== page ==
Research Increasingly Points to Migraine as Neurological (vs. Vascular) Disorder

HONOLULU, HI—Recent research has resulted in a very rich pipeline of new agents to treat migraine, said David Dodick, MD, in presenting the Global Year Against Pain Lecture at the American Pain Society's 31st Annual Scientific Meeting.

The 2011 Institute of Medicine report, Relieving Pain in America, has focused attention on headache: approximately 48 million Americans experience a headache almost daily and about 900,000 Americans “will suffer a migraine attack today,” said Dr. Dodick, professor of neurology at Mayo Clinic in Phoenix, AZ. “We are in desperate need of more selective drugs.”

Previously, migraine was believed to be entirely vascular in nature; now, migraine is understood as an inherited neurological disorder involving central neuronal modulation. “I believe that [migraine] activity can begin in the central neurons themselves,” he said. This can be characterized as cortical spreading depression or “activation,” which may also account for the biological basis of migraine aura that occurs in approximately 30% of those who suffer migraine.

Dr. Dodick presented an overview of research that has resulted in a greater understanding of the genetic and pathophysiological basis of migraine, which has in turn led to development of agents that target central neurotransmitters and their receptors. A number of these agents are in Phase 2 and 3 clinical trials, including NMDA receptor antagonists, selective 5HT1F, nNOS, and ASIC-3 agents, and calcitonin gene-related peptide receptor antagonists, or GEPANTS. Depot injections of monoclonal antibodies are also in development.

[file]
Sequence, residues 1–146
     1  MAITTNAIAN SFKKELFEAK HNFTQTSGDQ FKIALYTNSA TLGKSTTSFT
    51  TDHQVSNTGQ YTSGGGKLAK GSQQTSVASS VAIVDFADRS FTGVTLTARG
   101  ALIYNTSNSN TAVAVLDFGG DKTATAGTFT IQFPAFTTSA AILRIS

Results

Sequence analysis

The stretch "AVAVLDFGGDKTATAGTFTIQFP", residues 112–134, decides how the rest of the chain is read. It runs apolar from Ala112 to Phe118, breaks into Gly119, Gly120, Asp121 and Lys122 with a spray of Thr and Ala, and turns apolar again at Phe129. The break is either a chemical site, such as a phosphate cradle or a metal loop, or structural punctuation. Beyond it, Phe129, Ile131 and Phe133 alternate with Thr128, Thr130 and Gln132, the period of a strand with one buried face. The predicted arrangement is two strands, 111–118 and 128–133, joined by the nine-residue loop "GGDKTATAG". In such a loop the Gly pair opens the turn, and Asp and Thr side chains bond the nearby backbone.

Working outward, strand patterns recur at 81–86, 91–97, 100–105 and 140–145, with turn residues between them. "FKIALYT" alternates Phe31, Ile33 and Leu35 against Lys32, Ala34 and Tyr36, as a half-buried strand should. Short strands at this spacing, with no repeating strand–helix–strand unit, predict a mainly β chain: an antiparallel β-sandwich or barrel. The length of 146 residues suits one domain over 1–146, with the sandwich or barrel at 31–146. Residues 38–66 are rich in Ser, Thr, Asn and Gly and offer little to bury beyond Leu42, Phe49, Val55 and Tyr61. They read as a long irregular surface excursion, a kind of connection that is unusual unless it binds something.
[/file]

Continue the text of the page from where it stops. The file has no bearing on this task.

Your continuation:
“All effective migraine prevention drugs inhibit cortical spreading depression,” he said, including gabapentin and memantine, which is used off-label. Peripheral and central neurostimulation to prevent migraines being explored included deep brain and transcranial magnetic stimulation.

He emphasized that practitioners should think about the treatment of migraine in a disease model context, in much the same way as hypertension or diabetes. However, certain migraine risk factors are not modifiable: being female, of low socioeconomic status, experiencing head trauma, and genetics.

In April, the American Academy of Neurology (AAN) and the American Headache Society issued new guidelines for the treatment of migraine that endorse preventive treatments using a wide variety of medications, from antidepressants to antihypertensives to plant extracts.

The new AAN guidelines illustrate that there are many treatments for which there is substantial evidence to support their safety and efficacy for the preventive treatment of migraine. Physicians are encouraged to use the guidelines to individualize treatment, based on coexisting and comorbid conditions which may be present in their patients, with medications that have the highest level of evidence.